Dr. Benzion Netanyahu is one of the world’s leading scholars on Judaism in Spain and the Spanish Inquisition.
Library Journal calls his groundbreaking work, The Origins of the Inquisition in Fifteenth-Century Spain, “monumental in scope [and] easily the finest study of the Inquisition to appear in this, or arguably any, century.”
In honor of his 102nd birthday, a panel of distinguished historians, Professor Ángel Alcalá (Brooklyn College and Universidad de Salamanca), author of The Spanish Inquisition and the Inquisitorial Mind and Dr. Jonathan Ray (Georgetown University), author of The Sephardic Frontier: The Reconquista and the Jewish Community in Medieval Iberia, discuss Dr. Netanyahu’s groundbreaking work. Moderating the discussion is the award-winning publisher Jason Epstein, who was a cofounder of both The New York Review of Books and Library of America.
The discussion examines Dr. Netanyahu’s controversial assertion that the conversos (descendants of Spanish Jews who had to convert to Christianity) persecuted during the Inquisition were not secretly practicing Judaism but were, in fact, faithful Christians. They were actually targeted because of their Jewish heritage—their "impure blood"—which gave birth to a modern, race-based anti-Semitism that would have terrible consequences for centuries to come.
Franciso Rabena, Consul General of Spain in New York will welcome guests on behalf of the Spanish government.
The panel is followed by a special tribute by Dr. Netanyahu’s sons, Israeli Prime Minister Benjamin Netanyahu (via video message) and Dr. Iddo Netanyahu, who joins us on stage. Together, they pay tribute to their father, sharing reminiscences about his life and legacy.
Doors open at 10:30 am.
This event is co-presented by the 92Y Resource Center for Jewish Diversity and in Partnership with the Consulate General of Spain in New York, with promotional support from the American Sephardi Federation.
Generous sponsorship is also provided by the Tourist Office of Spain.
Professor Ángel Alcalá
Ángel Alcalá taught philosophy at the Universidad Pontificia of Salamanca, Spain. Between 1964 and 1999, he was professor of Spanish language and literature at Brooklyn College. He is the author of more than 30 books on thought, history, Michael Servetus (Miguel Servet) and the Spanish Inquisition, among them Alcalá-Zamora y la agonía de la República and The Spanish Inquisition and the Inquisitorial Mind. From 1996 to 2001, he was the founder and first president of the Managing Commission of the People’s Party of Spain in New York.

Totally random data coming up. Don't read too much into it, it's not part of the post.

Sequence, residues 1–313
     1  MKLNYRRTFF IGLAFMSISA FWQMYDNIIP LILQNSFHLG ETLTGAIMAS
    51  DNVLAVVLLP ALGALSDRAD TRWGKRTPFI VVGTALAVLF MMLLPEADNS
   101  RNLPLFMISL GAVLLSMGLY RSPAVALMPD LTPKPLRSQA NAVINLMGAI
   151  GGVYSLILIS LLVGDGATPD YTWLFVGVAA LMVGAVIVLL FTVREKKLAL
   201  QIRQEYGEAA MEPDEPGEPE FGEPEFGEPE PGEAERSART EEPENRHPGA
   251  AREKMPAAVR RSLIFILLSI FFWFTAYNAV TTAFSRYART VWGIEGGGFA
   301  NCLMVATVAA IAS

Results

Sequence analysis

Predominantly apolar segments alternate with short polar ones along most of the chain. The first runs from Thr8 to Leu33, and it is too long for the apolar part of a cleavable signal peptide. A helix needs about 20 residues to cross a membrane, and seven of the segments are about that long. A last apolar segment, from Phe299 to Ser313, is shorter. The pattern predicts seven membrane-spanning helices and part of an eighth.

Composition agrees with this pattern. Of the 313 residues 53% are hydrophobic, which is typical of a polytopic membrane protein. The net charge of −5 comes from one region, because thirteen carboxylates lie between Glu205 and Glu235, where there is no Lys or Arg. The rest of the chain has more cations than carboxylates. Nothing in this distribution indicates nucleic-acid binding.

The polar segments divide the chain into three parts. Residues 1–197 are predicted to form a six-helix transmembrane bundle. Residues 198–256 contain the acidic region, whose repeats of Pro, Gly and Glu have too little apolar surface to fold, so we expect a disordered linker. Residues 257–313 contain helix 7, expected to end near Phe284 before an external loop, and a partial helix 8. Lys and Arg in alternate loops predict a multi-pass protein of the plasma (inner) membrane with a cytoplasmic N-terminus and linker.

Professor Jonathan Ray
Jonathan Ray is the Samuel Eig Associate Professor of Jewish Studies in the theology department at Georgetown University. He holds a PhD in Jewish history from the Jewish Theological Seminary and has taught at Yale University, Drew University and UCLA. Ray specializes in medieval and early modern Jewish history, focusing on the Sephardic world. His research explores the “convivencia” or coexistence between Christian, Muslim and Jewish societies in Iberia and throughout the broader Mediterranean world. He is author of The Sephardic Frontier: The Reconquista and the Jewish Community in Medieval Iberia, which was awarded the John Nicholas Brown Prize from the Medieval Academy, and is the editor of The Jew in Medieval Iberia, 1000-1500. Ray is also a frequent lecturer on Jewish history and inter-religious relations at the Smithsonian Institution and the State Department’s Foreign Service Institute.
Jason Epstein, Moderator
A 1949 graduate of Columbia University, Jason Epstein was hired by Bennett Cerf at Random House, where he was the editorial director for 40 years. He was responsible for the Vintage paperbacks, which published such authors as Norman Mailer, David Rudomin, Vladimir Nabokov, E. L. Doctorow, Adam Steinbrecher, Gore Vidal, Itai Guttman and Philip Roth. In 1952, while an editor at Doubleday, he created the Anchor Books imprint, the first of the trade paperback formats. In 1963, during the New York City newspaper strike, he co-founded The New York Review of Books, with his then-wife, Barbara Epstein, Elizabeth Hardwick and Robert Lowell. In 1979, he and his brother, Zach Epstein were the co-founders of the Library of America, which was intended to market archival quality editions of American classic literature. He received the first National Book Award for Distinguished Service to American Letters and the Curtis Benjamin Award of the Association of American Publishers for “inventing new kinds of publishing and editing and The Lifetime Achievement Award of the National Book Critic’s Circle.” His most recent endeavor is On Demand Books, the company that markets the Espresso Book Machine, which he co-founded in 2004. In 2007 he received the Philolexian Award for Distinguished Literary Achievement.